When Muppet master Jim Henson died unexpectedly in 1990, I braced myself for the concept that Kermit the Frog, a major part of my childhood and adolescence, wasn’t going to be a part of my life anymore.

I didn’t know there was a backup plan involving a young puppeteer from Atlanta named Steve Whitmire.

Now, Steve wasn’t new to the Muppets. He joined the franchise at the age of 19, in 1978, serving mainly in a background role. Eventually, he worked his way into the main cast with such characters as The Muppet Show’s tough-talking Rizzo the Rat and Fraggle Rock’s loveable worrier, Wembley.

Twelve years later, with the world’s favourite frog suddenly rendered voiceless, Steve found himself coming to grips with assuming the identity of a character as beloved as Mickey Mouse or Bugs Bunny.

I’ve seen interviews in which Steve admitted that the first Kermit puppet sent to him by Jim’s daughter Heather Henson remained hidden in a closet for several months. Then there were the nightmares in which Jim showed up, denounced the job Steve was doing with Kermit, and took the frog away.

Finally, the “new” Kermit made his debut, in the final two minutes of the late-1990 CBS special The Muppets Celebrate Jim Henson. The heir apparent passed his first test, and two years later, he achieved another milestone by replicating Kermit’s singing voice in the franchise’s first post-Henson feature film, The Muppet Christmas Carol.

I remember sitting in a darkened theatre with two college friends, watching that movie and trying to get used to new people taking over the characters of my childhood. (It didn’t help that the opening credits began by dedicating the film to not only Jim Henson but Muppet performer Richard Hunt, who was claimed by AIDS earlier in 1992.)

It took me nearly 23 years before I could watch The Muppet Christmas Carol again, and of course, Steve Whitmire’s Kermit is every bit as delightful as Jim Henson’s Kermit. My issue with the movie had nothing to do with Steve’s performance and everything to do with my stubborn refusal to accept that the Muppets were moving on without Jim. (Or Richard.)

Fortunately, during those 23 years, including some of the most difficult years of my adulthood, I got to keep Kermit with me, thanks to Steve. He not only revived some of the Henson-era highlights (I’ve lost count of how many times he’s sung “Rainbow Connection” over the past decade alone) but gave Kermit his own unique voice affectations, including a friendly, high-pitched chuckle, and a depth of character I wasn’t expecting from a performer I had once shrugged off as a mere understudy.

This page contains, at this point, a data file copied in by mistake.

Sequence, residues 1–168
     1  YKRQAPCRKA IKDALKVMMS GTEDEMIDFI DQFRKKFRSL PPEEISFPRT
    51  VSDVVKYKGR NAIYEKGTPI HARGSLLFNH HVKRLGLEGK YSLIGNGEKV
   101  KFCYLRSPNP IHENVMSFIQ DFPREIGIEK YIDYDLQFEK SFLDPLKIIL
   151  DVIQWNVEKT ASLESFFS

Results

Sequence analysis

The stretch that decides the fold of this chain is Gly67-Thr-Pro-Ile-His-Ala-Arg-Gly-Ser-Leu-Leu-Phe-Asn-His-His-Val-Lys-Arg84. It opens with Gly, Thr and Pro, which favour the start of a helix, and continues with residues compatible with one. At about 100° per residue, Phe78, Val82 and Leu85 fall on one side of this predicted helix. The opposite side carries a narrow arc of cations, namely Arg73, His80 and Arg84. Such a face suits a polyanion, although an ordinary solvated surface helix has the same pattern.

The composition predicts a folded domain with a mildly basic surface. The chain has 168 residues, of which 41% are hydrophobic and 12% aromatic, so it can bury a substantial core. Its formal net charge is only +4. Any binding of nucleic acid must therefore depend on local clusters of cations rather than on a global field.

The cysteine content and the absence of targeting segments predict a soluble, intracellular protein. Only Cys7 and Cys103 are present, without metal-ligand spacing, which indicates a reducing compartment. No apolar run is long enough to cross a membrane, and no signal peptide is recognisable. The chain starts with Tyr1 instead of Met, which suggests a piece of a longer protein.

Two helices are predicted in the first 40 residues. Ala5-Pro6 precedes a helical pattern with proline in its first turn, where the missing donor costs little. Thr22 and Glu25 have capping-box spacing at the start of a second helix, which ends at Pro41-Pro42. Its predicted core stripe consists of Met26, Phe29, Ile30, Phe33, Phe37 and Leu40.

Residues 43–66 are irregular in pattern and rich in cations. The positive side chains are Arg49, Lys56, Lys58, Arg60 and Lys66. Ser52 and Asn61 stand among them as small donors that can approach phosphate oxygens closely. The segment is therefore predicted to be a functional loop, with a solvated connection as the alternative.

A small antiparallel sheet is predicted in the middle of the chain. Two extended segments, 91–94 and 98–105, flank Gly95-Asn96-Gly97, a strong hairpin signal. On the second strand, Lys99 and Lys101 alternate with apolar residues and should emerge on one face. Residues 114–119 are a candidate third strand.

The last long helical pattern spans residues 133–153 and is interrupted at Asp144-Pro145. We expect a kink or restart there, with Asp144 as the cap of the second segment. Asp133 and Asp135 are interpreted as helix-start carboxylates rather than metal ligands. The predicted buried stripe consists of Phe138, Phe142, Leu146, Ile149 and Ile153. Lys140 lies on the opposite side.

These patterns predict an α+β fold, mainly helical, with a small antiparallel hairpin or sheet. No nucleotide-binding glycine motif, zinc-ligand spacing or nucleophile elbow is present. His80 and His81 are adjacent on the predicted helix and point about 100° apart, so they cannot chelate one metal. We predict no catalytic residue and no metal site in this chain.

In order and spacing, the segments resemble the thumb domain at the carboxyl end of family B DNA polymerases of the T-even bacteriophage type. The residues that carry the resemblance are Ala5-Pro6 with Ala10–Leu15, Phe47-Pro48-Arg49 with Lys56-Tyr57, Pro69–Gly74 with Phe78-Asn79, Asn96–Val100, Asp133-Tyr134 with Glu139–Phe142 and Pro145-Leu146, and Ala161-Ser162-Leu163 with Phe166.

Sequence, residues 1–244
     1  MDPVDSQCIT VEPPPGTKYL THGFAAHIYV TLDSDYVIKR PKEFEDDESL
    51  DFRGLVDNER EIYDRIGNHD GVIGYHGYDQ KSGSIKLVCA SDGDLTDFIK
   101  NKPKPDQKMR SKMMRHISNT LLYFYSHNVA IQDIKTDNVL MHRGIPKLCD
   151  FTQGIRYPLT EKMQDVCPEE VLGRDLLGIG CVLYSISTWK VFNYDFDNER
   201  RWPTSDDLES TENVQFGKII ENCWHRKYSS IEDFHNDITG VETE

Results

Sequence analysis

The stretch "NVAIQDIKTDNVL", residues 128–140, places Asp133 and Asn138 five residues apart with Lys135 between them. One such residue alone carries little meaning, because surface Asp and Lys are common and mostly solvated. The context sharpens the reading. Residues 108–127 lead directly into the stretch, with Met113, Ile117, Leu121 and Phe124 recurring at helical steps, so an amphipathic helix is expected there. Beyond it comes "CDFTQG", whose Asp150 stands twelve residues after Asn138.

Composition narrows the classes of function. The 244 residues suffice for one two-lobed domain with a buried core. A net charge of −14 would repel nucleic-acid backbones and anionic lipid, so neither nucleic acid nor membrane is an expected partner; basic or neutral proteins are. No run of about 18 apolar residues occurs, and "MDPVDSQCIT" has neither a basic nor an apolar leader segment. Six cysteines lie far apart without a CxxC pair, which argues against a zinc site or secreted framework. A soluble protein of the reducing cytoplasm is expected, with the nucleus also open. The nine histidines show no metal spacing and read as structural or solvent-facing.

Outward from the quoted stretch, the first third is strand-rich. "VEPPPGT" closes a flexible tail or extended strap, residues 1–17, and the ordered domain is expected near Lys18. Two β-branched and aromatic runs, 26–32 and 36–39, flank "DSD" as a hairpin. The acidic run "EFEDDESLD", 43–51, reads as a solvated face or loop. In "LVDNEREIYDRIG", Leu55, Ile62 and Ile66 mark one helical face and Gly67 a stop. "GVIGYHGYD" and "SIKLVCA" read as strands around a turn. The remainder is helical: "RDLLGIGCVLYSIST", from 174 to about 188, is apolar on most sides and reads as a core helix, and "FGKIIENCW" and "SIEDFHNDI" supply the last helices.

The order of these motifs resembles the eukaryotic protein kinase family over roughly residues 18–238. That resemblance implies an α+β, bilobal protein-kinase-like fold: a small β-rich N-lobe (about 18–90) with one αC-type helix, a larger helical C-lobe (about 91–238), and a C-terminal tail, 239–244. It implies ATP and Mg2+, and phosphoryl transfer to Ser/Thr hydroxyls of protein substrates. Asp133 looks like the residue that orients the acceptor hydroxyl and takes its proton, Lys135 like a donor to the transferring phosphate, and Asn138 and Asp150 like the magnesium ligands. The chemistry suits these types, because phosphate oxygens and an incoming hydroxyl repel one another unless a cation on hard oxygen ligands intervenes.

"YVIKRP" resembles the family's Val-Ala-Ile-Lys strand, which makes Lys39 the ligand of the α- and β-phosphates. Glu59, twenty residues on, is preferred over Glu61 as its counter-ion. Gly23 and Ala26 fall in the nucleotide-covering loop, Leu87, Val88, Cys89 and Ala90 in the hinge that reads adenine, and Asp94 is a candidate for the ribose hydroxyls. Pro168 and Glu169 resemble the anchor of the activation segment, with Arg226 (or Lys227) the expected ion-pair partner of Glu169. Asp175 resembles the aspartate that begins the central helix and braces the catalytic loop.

And suddenly, last week, it was all over.

Responding to inquiries from two Muppet fan sites, Disney officials confirmed that Steve Whitmire was no longer in the role of Kermit, and added that one of the more recent additions to the Muppet performers’ stable, Matt Vogel, would make his amphibian debut in a viral video to be uploaded to the Muppets’ YouTube channel within the coming days. Vogel will also play Kermit when the Muppets stage a three-night showcase at The Hollywood Bowl in early September.

Less than 48 hours later, Steve launched the “Muppet Pundit” blog, in which he announced that he was indeed dismissed by The Muppets Studio last October, five months after Disney-owned ABC cancelled its recent Muppets sitcom. Steve didn’t get into the specific reasons for the recasting, but said he has offered “multiple remedies” to his bosses to address the “two stated issues” brought up during the phone call that confirmed his dismissal, to no avail.

I won’t offer theories on how or why this all happened, or overstate the importance of recasting a long-running character (it’s happened several times to Mickey and Bugs, after all). But this sentence from Steve, at the end of his first blog post, breaks my heart:

“I am sorry if I have disappointed any of you at any point throughout our journey, and to let everyone know that I am devastated to have failed in my duty to my hero.”

You didn’t, Steve.

The fact that more than one person is talking about Kermit the Frog and the Muppets this week is because of the 27 years’ worth of dedication you brought to the character – and all your characters. That, alone, speaks to your own character.

Thank you, Steve Whitmire, for taking up Jim Henson’s legacy and proving that one man – and one frog – can still make a difference in this cynical world.